Profile Detail
McIntyre, Gerald J.
Jesuit Father Gerald J. McIntyre died on Oct. 1, 2014, at St. Joseph’s Hospital, Syracuse, New York, after a brief illness. He was a Jesuit for 52 years and a priest for 40 years.
McIntyre, Gerald J.

Died 1 October 2014

Jesuit Father Gerald J. McIntyre died on Oct. 1, 2014, at St. Joseph’s Hospital, Syracuse, New York, after a brief illness. Age 70, he was born on Jan. 23, 1944, in New York City, the son of James and Rita (Derelle) McIntyre. He was a Jesuit for 52 years and a priest for 40 years.

He grew up in the Bronx and after four years at Fordham Prep, he entered the Society of Jesus at the Jesuit novitiate, St. Andrew-on-Hudson, in Poughkeepsie, New York on July 30, 1962. Following his novitiate and collegiate studies at St. Andrew-on-Hudson, he proceeded in 1966 to Loyola Seminary in Shrub Oak, New York, for the study of philosophy. In 1968 he began a master’s degree in English at the Catholic University of America. He completed his regency with two years of teaching English at Canisius High School in Buffalo, New York. 

For the study of theology, he traveled to Woodstock College in New York City in 1971 and received his Master of Divinity degree from the college in June 1975. He was ordained to the priesthood on June 8, 1974, by Terence Cardinal Cooke at the Fordham University Church. As a newly ordained priest, he returned to Buffalo in 1975 to teach English and to serve as department chair, where he served until 1990. This long period of teaching was interrupted in 1981-82 to enable him to complete his final year of Jesuit formation, tertianship, at Tullamore, Ireland. In future years he would direct retreats in North Wales and Ireland.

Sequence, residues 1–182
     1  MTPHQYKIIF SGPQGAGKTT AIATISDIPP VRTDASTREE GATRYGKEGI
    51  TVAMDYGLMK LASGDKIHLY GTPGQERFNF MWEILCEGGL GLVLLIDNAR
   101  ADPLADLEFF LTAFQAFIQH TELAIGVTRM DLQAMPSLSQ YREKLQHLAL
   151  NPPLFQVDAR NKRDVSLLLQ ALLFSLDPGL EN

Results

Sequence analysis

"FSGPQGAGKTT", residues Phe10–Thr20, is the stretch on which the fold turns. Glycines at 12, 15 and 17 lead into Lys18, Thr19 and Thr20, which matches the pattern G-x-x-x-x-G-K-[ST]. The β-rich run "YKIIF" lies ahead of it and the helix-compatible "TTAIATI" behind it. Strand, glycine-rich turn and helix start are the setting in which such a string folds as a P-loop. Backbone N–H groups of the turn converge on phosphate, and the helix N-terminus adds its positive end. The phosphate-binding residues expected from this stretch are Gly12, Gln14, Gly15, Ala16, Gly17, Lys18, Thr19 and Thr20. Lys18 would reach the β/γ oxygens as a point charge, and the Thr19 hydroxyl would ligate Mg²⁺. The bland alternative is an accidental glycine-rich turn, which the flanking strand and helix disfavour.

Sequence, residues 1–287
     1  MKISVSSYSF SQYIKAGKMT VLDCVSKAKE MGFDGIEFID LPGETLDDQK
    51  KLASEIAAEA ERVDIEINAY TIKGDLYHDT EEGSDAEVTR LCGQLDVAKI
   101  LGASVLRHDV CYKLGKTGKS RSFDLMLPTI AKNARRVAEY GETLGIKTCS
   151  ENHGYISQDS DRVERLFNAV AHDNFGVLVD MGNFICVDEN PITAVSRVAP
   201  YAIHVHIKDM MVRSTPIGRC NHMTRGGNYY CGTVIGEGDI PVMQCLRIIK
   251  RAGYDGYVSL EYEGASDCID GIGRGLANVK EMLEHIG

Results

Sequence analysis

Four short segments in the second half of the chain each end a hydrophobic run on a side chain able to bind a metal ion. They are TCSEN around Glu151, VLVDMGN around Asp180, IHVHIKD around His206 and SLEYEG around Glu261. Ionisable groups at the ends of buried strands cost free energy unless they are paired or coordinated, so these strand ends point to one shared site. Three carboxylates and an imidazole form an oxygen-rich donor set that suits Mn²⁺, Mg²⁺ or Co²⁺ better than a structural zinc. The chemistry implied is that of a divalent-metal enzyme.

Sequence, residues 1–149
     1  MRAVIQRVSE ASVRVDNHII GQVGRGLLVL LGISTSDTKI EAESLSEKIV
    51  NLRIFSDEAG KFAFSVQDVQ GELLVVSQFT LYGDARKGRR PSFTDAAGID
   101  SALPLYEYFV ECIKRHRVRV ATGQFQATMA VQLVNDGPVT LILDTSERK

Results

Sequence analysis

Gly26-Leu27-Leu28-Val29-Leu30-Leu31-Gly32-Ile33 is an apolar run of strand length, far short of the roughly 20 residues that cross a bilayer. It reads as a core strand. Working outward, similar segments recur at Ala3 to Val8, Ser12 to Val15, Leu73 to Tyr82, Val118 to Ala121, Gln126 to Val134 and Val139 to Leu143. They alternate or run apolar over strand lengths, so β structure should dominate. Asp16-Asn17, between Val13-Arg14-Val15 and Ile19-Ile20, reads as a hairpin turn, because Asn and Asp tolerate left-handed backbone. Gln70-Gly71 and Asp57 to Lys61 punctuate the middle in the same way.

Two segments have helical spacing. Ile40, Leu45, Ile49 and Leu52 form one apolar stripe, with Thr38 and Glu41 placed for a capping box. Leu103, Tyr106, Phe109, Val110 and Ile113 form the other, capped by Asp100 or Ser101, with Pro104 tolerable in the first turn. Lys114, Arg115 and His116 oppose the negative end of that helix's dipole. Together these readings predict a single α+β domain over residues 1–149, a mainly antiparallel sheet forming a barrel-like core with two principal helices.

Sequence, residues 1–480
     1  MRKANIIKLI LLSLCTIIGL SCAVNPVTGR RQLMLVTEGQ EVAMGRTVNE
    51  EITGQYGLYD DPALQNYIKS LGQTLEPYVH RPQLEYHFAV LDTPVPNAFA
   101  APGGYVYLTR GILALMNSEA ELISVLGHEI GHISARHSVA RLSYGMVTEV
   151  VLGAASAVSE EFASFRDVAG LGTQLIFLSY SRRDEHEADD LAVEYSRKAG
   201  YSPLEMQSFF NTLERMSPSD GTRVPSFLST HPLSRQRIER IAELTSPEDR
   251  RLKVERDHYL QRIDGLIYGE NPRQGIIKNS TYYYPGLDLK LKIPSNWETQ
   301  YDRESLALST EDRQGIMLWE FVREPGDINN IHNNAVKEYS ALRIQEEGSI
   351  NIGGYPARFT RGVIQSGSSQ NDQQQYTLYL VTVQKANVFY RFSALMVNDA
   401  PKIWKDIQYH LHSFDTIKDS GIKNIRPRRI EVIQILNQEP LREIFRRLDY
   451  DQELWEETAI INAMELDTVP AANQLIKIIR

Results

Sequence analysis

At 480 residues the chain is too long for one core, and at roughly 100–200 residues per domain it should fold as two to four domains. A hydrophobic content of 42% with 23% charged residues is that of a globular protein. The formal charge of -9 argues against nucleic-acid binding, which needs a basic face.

In 1990-91 he taught English at Xavier High School in New York. A sabbatical year and a letter from a Jesuit colleague enticed him to volunteer to teach Jesuit scholastics in Africa. Beginning in 1991, he spent two years in Ibadan, Nigeria, teaching young African Jesuit scholastics. He then traveled further south and east to Harare, Zimbabwe. There he helped establish Arrupe College (Jesuit School of Philosophy and Humanities), where over 90 African Jesuits study. He taught English, English and African literature.

He traveled back to the United States in 2001 and returned to retreat work and spiritual direction, a deep interest and expertise. He first resided at Le Moyne College in Syracuse, New York from 2001-05 and then until 2011 at Loyola House of Retreats in Morristown, New Jersey. Most recently, he resided at the Jesuit Community of Le Moyne College. He died in Syracuse after a brief illness.

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America 10/14/19

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